Sep 6, 2019

House Dems open inquiry into use of tax dollars at Trump properties

House Judiciary Committee Chairman Jerrold Nadler speaks to reporters July 26. Photo: Caroline Brehman/Getty Images

The House Judiciary and Oversight and Government Reform committees on Thursday sent letters demanding information on "multiple efforts" by the president, vice president and other administration officials to spend taxpayer dollars at properties owned by the Trump Organization, according to the AP.

Why it matters: House Judiciary Committee Chairman Jerrold Nadler (D-N.Y.) said in a statement that the, "Potential violations of the Foreign and Domestic Emoluments Clauses of the Constitution are of grave concern to the Committee..." and its members are now weighing whether to recommend articles of impeachment.

Context: The letters came less than a week after Vice President Pence stayed at the Trump International Golf Club in Doonbeg, Ireland, though his meeting with Irish officials was 180 miles away in Dublin. Pence's trip followed President Trump's late August proposal to host the 2020 G7 summit at his Miami golf resort, where revenues have dropped since Trump took office.

The big picture: House Democrats are attempting to keep the public tuned into open-ended investigations of Trump and his administration.

  • Rep. Jamie Raskin of Maryland, a member of the Judiciary panel, told the AP that they "have been focused on the Mueller report and that is a very small part of the overall picture. We must get America focused on the ongoing violations against basic Constitutional principles.”

Details: In the letter sent to Pence's chief of staff, House Oversight Chairman Elijah Cummings wrote:

"The White House has not made public how much the Vice President's trip cost the American Taxpayer⁠—or benefited the Trump Organization—but based on previous investigations by the Government Accountability Office, the bill could be significant."
"President Trump stayed at his property in Doonbeg in June, which cost the American people an estimated $3.6 million."

Go deeper

Air Force orders stopover review after Scotland Trump resort bookings

Air Force One takes off from Prestwick Airport in Ayrshire, Scotland, as President Trump and First Lady Melania leave Britain in July. Photo: Andrew Milligan/PA Images via Getty Images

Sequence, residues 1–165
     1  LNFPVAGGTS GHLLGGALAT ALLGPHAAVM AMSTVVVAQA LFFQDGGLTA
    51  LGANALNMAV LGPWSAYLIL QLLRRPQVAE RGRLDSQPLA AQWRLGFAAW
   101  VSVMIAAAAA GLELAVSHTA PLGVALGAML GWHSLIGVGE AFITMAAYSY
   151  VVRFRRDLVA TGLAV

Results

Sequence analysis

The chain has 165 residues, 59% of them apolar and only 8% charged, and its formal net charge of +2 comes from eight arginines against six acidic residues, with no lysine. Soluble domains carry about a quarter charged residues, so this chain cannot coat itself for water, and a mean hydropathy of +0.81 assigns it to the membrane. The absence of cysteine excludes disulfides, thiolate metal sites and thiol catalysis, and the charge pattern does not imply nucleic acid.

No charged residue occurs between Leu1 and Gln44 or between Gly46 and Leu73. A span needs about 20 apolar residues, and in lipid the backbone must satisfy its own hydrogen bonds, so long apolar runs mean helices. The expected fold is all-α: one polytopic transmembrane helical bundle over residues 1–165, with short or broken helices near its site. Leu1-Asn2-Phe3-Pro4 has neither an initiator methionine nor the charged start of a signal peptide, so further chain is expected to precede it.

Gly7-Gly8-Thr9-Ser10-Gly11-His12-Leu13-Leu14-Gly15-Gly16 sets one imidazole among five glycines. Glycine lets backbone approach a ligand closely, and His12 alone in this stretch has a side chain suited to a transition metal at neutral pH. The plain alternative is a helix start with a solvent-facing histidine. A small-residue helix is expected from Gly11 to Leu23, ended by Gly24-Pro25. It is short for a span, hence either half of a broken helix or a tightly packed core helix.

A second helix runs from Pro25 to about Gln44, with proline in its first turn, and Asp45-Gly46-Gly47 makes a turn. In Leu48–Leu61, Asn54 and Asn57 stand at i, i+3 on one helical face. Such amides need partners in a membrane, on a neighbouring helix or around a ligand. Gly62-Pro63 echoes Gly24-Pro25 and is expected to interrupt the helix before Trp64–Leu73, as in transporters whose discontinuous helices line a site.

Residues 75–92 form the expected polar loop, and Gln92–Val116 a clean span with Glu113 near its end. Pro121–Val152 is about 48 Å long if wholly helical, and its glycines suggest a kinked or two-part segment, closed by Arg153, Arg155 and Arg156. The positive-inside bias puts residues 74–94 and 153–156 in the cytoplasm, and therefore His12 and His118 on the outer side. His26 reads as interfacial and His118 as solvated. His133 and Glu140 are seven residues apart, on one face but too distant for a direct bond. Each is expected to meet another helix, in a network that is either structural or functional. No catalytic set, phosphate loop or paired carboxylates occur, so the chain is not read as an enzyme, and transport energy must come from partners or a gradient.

The U.S. Air Force is reviewing how it selects overnight accommodation locations after reports that air crews had occasionally stayed at President Trump's Scotland resort while refueling, it said in a statement to Politico Sunday night.

Why it matters: The review comes as the Trump administration faces growing criticism for government officials spending taxpayer dollars at Trump properties. Vice President Pence came under fire last week for staying at the Trump International Golf Club in Doonbeg during his 2-day trip to Ireland — even though his meeting with officials was 180 miles away in Dublin.

Go deeperArrowSep 9, 2019

WaPo: Pence national security adviser was on Trump-Ukraine phone call

Photo: Janek Skarzynski/AFP/Getty Images

Vice President Mike Pence's national security adviser Keith Kellogg was on the July 25 phone call between President Trump and Ukrainian President Volodymyr Zelensky that is now at the heart of House Democrats' impeachment inquiry, the Washington Post reports, citing "current and former U.S. officials."

Why it matters: Pence likely would have been briefed the following day on the details of the phone call, in which Trump asked Zelensky to investigate Joe Biden. The summary of the call, which has since been released by the White House, also likely would have been included in Pence's briefing materials ahead of a Sept. 1 trip to Warsaw in which he met with Zelensky and informed him that the administration had frozen millions of dollars in aid to Ukraine.

Go deeperArrowOct 2, 2019

House Judiciary to hold hearing on potential Trump emoluments violations

Trump National Doral resort in Miami. Photo: Joe Raedle/Getty Images

The House Judiciary Committee on Tuesday scheduled a hearing for Sept. 23 titled, "Presidential Corruption: Emoluments and Profiting off the Presidency."

The big picture: The hearing is part of the committee's efforts to broaden its impeachment investigation of President Trump to include allegations of corruption that extend beyond the contents of the Mueller report. Chairman Jerry Nadler (D-N.Y.) announced in August that the committee would specifically investigate Trump's proposal to host the 2020 G7 summit at the Trump National Doral resort in Miami, arguing that the president's "personal financial interests are clearly shaping decisions about official U.S. government activities."

Go deeper: Federal appeals court reinstates Trump emoluments case

Keep ReadingArrowSep 17, 2019